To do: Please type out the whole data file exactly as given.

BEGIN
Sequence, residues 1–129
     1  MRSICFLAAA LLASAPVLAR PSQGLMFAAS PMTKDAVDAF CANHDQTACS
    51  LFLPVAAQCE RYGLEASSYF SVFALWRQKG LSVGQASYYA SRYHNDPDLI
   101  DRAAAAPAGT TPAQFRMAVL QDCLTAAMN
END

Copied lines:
Sequence, residues 1–129
     1  MRSICFLAAA LLASAPVLAR PSQGLMFAAS PMTKDAVDAF CANHDQTACS
    51  LFLPVAAQCE RYGLEASSYF SVFALWRQKG LSVGQASYYA SRYHNDPDLI
   101  DRAAAAPAGT TPAQFRMAVL QDCLTAAMN